America Desperately Needs Reagan
Government Intrusion Where it Does not Belong
A New York Times Propaganda Anniversary That Will Live in Infamy
Trump's Caucus Win Spells More Bad News for Nikki Haley
Far-Left Protestor Spars With Manchin, Ends Up on the Ground
Here's Why a Parental Rights Organization Will Sue Biden's Department of Education
KJP: 'There Is No Executive Action' Biden Could Take to Secure the Border
Eric Adams Says Giving Pre-Paid Credit Cards to Illegal Migrants Is 'Smart' and...
Two of the Nation's Largest Pharmacy Chains Will Start Selling Abortion Pills
Will This Be Mitch McConnell's Replacement?
James Biden Reveals Joe Received Thousands of Dollars From China
Trump Lawyers Put Final Nails in Fani Willis's Coffin
Chicago Public Schools Will Be Even More Dangerous Without School Resource Officers
The Latest Despicable Anti-Israel Lie
Time To Take On The Satanic Temple

Anti-Mormon Bias Persists, Notably Among Democrats

The opinions expressed by columnists are their own and do not necessarily represent the views of

Ever since Mitt Romney's unsuccessful run for the 2008 Republican presidential nomination, there has been much discussion of whether GOP voters would accept a Mormon candidate. Would evangelical conservatives, in particular, look past the former Massachusetts governor's faith to vote for him? The underlying assumption was that the more conservative the views, the more intolerant the voter.


Now, it turns out a better question might be whether Democratic voters would accept a Mormon candidate. In a survey that cuts against the media stereotype, a new Gallup Poll has found that more Democrats than Republicans say they would not vote for a Mormon for president. Twenty-seven percent of Democrats say they wouldn't vote for a Mormon, while 18 percent of Republicans say the same. For independents, the figure is 19 percent.

Of course, the two Mormons in the race, Romney and former Utah Gov. Jon Huntsman, are both Republicans. But should either win the GOP nomination, they'll be looking for all the votes they can get, including those of independents and disaffected Democrats. Anti-Mormon bias among any of those groups can't help.

Ask church officials about the party disparity, and they carefully avoid the question. "We are politically neutral," says Michael Purdy, spokesman for the Church of Jesus Christ of Latter-day Saints, "and are pleased when good men and women decide to participate in the political process and serve with integrity."

But talk to church representatives about the general issue of Mormon acceptance, and you'll get a glimpse of how they view the party divide. As they see it, familiarity tends to breed acceptance. "We have found that as others get to know us that reservations they may have about us tend to lessen," says Purdy. "The church is growing, and people are increasingly likely to know a member of the faith -- a friend, a colleague, a neighbor."


In other words, when people don't know any Mormons and don't know much about Mormonism, they tend to view Mormon candidates with suspicion. Once they become more familiar with the church and its members, they become more relaxed about it.

Many Mormons are quite conservative, and of course Utah is one of the most conservative states in the country. It's possible that a significant number of Democrats and blue-state residents, some of them cocooned in liberal enclaves, just don't know many Mormons and harbor negative ideas and stereotypes about the unknown.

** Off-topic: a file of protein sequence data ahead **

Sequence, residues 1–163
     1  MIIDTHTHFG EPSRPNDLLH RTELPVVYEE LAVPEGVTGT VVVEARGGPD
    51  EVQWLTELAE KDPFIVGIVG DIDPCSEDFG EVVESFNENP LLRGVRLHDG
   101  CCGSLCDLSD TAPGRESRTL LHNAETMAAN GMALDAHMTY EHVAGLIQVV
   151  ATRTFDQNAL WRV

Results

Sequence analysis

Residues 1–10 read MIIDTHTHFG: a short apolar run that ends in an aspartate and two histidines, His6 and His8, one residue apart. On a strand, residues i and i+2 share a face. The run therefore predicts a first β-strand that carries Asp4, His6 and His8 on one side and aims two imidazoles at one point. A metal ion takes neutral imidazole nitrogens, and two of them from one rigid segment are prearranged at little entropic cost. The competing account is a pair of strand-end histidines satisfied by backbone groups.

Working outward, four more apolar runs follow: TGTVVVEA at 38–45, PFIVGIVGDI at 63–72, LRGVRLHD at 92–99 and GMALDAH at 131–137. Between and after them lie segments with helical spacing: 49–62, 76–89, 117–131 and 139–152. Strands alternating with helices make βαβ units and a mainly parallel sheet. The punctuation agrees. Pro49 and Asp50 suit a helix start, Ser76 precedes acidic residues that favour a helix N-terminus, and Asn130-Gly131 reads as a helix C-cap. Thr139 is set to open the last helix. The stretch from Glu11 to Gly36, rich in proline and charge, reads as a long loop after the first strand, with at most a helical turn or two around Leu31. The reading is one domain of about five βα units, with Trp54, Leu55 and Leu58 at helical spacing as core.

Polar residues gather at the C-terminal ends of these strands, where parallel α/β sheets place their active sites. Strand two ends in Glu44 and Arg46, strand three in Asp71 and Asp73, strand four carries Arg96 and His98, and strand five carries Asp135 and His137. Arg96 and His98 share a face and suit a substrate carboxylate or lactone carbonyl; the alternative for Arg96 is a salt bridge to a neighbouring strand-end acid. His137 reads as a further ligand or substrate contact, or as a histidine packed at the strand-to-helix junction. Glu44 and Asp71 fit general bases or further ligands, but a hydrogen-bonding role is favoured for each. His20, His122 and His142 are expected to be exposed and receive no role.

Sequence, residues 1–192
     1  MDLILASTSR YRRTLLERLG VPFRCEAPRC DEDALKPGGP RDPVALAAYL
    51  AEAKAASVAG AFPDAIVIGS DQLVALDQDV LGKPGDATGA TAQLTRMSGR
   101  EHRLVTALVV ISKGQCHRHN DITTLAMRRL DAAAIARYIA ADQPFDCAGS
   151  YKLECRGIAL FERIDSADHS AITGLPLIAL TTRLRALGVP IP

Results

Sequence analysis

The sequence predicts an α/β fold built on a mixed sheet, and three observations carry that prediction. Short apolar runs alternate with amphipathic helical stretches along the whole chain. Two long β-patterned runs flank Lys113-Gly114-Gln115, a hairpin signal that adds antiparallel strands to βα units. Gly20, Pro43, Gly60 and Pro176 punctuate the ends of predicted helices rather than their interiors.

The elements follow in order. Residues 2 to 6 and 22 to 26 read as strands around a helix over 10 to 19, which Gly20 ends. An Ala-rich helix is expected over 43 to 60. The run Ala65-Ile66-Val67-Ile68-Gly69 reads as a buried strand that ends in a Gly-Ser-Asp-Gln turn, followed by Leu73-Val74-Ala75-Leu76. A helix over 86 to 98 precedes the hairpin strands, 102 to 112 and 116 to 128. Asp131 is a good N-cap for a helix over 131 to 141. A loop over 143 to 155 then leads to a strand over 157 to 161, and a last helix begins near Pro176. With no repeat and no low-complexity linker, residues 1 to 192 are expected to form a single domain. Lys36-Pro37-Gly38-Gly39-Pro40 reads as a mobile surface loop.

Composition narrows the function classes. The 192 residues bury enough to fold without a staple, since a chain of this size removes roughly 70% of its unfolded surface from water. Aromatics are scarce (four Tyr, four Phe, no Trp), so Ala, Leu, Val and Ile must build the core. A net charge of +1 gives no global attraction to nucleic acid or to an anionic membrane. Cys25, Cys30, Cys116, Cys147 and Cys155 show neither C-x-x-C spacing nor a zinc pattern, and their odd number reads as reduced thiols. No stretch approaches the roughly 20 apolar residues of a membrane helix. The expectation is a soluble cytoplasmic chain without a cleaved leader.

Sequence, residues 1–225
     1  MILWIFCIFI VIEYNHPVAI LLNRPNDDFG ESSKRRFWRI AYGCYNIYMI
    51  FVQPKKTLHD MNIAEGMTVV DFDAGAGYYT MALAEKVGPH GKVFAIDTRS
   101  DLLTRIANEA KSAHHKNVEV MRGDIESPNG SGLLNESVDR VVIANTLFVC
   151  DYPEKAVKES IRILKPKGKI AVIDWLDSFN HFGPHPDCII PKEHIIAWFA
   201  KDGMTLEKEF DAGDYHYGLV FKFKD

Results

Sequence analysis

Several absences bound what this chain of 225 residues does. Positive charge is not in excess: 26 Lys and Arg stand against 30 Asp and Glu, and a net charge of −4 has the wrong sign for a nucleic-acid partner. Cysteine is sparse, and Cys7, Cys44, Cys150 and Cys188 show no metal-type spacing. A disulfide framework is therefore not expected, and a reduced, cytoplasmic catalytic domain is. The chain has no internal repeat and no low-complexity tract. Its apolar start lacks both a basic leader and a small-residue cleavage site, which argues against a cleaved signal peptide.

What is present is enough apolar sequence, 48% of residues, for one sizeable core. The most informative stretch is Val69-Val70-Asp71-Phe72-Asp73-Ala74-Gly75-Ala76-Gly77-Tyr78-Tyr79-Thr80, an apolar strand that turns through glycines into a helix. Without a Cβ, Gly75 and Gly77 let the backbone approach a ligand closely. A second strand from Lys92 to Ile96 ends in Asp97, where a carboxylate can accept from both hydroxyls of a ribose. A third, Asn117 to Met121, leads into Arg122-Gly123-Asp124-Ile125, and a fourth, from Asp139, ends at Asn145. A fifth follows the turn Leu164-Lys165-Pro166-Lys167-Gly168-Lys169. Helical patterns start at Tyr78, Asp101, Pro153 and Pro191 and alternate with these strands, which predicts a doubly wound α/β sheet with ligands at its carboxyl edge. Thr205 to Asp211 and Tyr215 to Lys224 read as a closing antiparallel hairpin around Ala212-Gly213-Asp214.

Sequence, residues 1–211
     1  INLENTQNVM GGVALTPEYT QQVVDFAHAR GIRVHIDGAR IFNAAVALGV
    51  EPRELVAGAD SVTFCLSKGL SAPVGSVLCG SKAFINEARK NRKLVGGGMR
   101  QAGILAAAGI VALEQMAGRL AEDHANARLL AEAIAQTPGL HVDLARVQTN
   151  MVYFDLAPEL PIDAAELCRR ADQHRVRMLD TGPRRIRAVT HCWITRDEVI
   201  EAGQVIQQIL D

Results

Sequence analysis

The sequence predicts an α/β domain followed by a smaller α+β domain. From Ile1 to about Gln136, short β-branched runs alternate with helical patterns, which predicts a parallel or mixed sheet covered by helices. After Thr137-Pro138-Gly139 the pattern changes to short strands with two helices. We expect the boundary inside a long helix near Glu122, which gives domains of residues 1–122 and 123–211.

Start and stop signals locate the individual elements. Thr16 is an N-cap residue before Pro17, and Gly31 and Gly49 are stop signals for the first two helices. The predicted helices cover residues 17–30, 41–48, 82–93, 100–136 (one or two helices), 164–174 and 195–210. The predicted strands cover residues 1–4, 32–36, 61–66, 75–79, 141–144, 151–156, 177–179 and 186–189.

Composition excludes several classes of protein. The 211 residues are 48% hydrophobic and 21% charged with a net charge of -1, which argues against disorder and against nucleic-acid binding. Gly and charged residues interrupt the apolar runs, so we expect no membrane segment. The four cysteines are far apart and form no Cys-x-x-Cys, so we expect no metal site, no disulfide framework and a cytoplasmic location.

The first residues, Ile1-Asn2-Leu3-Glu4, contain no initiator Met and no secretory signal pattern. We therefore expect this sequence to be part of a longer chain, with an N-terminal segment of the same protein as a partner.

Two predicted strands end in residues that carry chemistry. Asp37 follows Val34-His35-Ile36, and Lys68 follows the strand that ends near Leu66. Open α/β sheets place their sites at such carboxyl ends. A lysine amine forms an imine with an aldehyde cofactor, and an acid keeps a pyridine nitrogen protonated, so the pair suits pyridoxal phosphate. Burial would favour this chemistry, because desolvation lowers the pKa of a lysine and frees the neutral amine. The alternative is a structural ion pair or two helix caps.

Perhaps the most striking news in the Gallup survey is the durability of anti-Mormon bias. For more than 40 years, Gallup has asked a simple question: "If your party nominated a generally well-qualified person who happened to be a Mormon, would you vote for that person?" In the most recent survey, 76 percent of those polled said they would vote for the Mormon candidate, while 22 percent said they would not.

In 1967, when Gallup first asked the question, 75 percent said they would vote for a Mormon, while 17 percent said they wouldn't. The results were practically the same as they are today.

"The stability in U.S. bias against voting for a Mormon presidential candidate contrasts markedly with steep declines in similar views toward several other groups over the past half-century, including blacks, women, Catholics, and Jews," writes Gallup. "The last time as many as 22 percent of Americans said they would not vote for any of these groups (the same level opposed to voting for a Mormon today) was 1959 for Catholics, 1961 for Jews, 1971 for blacks, and 1975 for women. Opposition to voting for each of these has since tapered off to single digits."


But not for Mormons.

Maybe that will change, at least a little, if Romney and Huntsman make it to the final stretch of the Republican race. They present two different faces of the faith -- Romney is deeply devoted to the church while Huntsman stresses his spirituality and expresses a generalized pride in his "Mormon roots." Church officials won't comment on any individual candidate but they do seem to welcome the increased attention the campaign brings. "With the increased conversation about Mormons of late, we are striving to do a better job in joining the conversation and defining ourselves rather than having others define us," says Purdy.

There will be a lot more conversation if Romney or Huntsman becomes the GOP nominee. And perhaps there will be a serious discussion of the acceptance question -- on both sides of the party divide.

Join the conversation as a VIP Member


Trending on Townhall Videos